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Target Confirms Hackers Stole 40 Million Credit Cards
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Kristin Burnham
Kristin Burnham,
User Rank: Apprentice
12/19/2013 | 10:56:47 AM
Yikes.
What a nightmare. While Target should be commended for coming clean so quickly, it's unsettling that this type of ordeal could happen to such a large corporation and affect such a large number of people.
Drew Conry-Murray
Drew Conry-Murray,
User Rank: Ninja
12/19/2013 | 11:00:27 AM
Nice Holiday Present
As someone who shopped at Target during the breach period, I'll be spending the holidays taking a closer look at my card statements.
David F. Carr
David F. Carr,
User Rank: Strategist
12/19/2013 | 11:05:01 AM
Re: Nice Holiday Present
We've used the Target store credit card (Red Card) for our recent purchases there. Wondering if Target is better able to protect customers in that instance. If the crooks have that card #, at least they couldn't use it anywhere other than Target.
MarciaNWC
MarciaNWC,
User Rank: Apprentice
12/19/2013 | 11:29:13 AM
Re: Nice Holiday Present
I also shopped at Target during the affected period, and am really frustrated. This breach underscores the broken nature of the payment card system. Gartner's Avivah Litan wrote a good analysis: http://blogs.gartner.com/avivah-litan/2013/12/19/what-can-we-learn-from-the-target-breach/.

 
anon4768076153
anon4768076153,
User Rank: Apprentice
12/19/2013 | 11:48:23 AM
Re: Nice Holiday Present
After hearing the news about Target hackings,  I checked my statement and lo and behold,  (I just shopped the Target store in Kearny Mesa San Diego (Othello) and my $81.00 bill turned into $101.00, I think the store manager might want to check one of their employees ... at around 2:45pm 12/19/13 description of cashier: heavy set Black (sorry not a racist ! just a description)  Unfortunately I threw out my receipt after unloading the items.  Managers only have to remember one of their other employee, named Teresa who did the same thing !
Drew Conry-Murray
Drew Conry-Murray,
User Rank: Ninja
12/19/2013 | 11:49:16 AM
Re: Nice Holiday Present
Thanks for link from Avivah. She calls out something that has always frustrated me about PCI: that a certified compliant company can be retroactively found non-compliant if there's a breach. The card brands seem to want to promote the ridiculous fantasy that PCI is a perfect system, and if a compliant company gets breached, then it must have been because weren't really compliant. It's bizarre logic.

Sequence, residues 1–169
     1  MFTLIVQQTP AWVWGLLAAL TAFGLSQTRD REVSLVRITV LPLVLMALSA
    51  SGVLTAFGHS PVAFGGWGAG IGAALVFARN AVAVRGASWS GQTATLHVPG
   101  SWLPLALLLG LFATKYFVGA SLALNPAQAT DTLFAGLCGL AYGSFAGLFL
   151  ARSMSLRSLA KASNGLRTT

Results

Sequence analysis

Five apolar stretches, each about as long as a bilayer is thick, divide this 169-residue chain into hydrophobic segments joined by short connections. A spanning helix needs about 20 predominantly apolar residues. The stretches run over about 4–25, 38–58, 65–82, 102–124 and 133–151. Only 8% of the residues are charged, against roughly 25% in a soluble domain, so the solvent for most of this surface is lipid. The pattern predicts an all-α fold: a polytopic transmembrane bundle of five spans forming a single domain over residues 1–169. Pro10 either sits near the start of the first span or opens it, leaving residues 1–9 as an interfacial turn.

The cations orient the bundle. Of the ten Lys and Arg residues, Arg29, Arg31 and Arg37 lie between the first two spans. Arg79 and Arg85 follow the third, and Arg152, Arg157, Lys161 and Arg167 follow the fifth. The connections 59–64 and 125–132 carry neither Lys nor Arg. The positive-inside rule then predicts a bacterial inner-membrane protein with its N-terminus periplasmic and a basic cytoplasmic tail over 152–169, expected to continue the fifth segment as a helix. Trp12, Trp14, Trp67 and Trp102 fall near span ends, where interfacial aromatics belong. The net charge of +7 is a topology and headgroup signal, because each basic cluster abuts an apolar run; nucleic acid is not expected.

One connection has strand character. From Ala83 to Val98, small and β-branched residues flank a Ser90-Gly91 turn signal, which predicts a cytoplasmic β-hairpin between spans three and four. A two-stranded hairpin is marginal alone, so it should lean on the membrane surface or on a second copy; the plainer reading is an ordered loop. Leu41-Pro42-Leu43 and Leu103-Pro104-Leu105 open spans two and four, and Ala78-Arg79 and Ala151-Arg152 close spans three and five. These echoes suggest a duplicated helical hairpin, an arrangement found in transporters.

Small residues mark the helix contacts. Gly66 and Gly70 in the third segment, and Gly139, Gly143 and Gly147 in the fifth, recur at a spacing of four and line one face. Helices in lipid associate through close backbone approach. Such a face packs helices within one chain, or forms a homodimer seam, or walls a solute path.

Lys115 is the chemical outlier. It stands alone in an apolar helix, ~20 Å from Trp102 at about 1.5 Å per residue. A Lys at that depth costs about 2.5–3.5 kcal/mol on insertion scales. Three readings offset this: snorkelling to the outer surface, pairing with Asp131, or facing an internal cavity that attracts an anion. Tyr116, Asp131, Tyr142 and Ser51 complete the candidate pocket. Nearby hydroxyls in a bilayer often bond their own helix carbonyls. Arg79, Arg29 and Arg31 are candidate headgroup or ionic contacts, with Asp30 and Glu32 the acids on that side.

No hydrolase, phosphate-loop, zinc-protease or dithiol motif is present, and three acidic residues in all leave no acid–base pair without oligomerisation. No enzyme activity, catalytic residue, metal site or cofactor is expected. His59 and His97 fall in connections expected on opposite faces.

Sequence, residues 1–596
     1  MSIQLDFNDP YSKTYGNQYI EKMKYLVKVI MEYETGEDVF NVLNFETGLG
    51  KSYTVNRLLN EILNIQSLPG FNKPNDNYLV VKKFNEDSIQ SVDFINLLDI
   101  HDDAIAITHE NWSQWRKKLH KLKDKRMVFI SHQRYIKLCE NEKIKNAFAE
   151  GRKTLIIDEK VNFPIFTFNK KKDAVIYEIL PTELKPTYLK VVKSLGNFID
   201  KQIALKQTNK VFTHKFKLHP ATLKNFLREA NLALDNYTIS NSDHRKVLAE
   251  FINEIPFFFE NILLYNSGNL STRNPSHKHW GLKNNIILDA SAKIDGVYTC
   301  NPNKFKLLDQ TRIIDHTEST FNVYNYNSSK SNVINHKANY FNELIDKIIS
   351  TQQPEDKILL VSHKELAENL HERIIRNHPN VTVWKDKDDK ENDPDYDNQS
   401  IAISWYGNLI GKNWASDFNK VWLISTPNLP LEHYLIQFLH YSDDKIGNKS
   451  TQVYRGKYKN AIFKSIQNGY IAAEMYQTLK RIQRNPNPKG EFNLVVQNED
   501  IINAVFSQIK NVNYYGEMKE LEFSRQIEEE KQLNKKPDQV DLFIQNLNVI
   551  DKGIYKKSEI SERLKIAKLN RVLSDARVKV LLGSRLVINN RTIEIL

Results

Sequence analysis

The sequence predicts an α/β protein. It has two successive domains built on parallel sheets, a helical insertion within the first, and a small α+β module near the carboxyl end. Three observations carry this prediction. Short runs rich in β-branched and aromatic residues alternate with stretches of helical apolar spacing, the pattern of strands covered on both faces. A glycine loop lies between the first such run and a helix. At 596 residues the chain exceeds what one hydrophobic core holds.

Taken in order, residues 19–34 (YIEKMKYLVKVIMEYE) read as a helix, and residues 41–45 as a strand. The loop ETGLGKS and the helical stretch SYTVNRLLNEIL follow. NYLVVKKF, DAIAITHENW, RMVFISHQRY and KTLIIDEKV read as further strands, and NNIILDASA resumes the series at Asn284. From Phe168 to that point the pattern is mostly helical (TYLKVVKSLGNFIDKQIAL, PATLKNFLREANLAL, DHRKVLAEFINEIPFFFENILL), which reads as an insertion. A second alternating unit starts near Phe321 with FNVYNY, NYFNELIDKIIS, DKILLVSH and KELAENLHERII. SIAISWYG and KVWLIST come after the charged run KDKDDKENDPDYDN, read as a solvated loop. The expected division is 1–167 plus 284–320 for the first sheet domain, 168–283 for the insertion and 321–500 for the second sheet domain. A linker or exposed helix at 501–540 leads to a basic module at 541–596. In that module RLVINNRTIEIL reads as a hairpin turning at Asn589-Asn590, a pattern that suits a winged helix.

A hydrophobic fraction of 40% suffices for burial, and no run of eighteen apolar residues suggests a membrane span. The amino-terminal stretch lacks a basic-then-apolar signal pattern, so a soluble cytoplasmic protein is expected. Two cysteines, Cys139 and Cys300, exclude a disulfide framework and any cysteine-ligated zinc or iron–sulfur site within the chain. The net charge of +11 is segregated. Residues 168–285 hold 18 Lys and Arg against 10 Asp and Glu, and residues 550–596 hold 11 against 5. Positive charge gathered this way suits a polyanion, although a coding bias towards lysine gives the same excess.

kwieting
kwieting,
User Rank: Apprentice
12/19/2013 | 12:16:21 PM
Re: Yikes.
ACM, Question:  How could a merchant possibly be compliant to any standard if they are breached?  It's ridiculous to think a merchant is compliant after the fact either.
IT-security-gladiator
IT-security-gladiator,
User Rank: Apprentice
12/19/2013 | 12:17:05 PM
Must have been Microsoft servers that got hacked
If Target were running Linux Apache servers this would not have happened. Wise up Target and dump your MicroKlunk Junk MS DOS iis servers asap!
Laurianne
Laurianne,
User Rank: Apprentice
12/19/2013 | 12:21:45 PM
Re: Nice Holiday Present
What good does a retroactive noncompliant finding do? Thanks for pointing out this important part of the story. We'll have follow up coverage.
Drew Conry-Murray
Drew Conry-Murray,
User Rank: Ninja
12/19/2013 | 12:48:05 PM
Re: Yikes.
Thanks for the comment. Being compliant with a standard and reducing the risk of a breach to zero are two entirely different things. Being compliant with PCI means that an organization has followed a specific set of instructions for a specific set of controls and practices, like vulnerability scanning and encryption. But this doesn't mean an organization has eliminated all risk. The card brands (Visa, MasterCard, etc.) would like to conflate PCI compliance with invulnerability, but any security practitioner will tell you that invulnerability is an impossible standard.

Think of the PCI system as kind of like a driver's license. You pass a written exam and a driving exam and you get your license from the state. Then you get in an accident. The state comes along and levies extra fines against you for not having a license--because if you got in an accident, then you must not have really passed the test.
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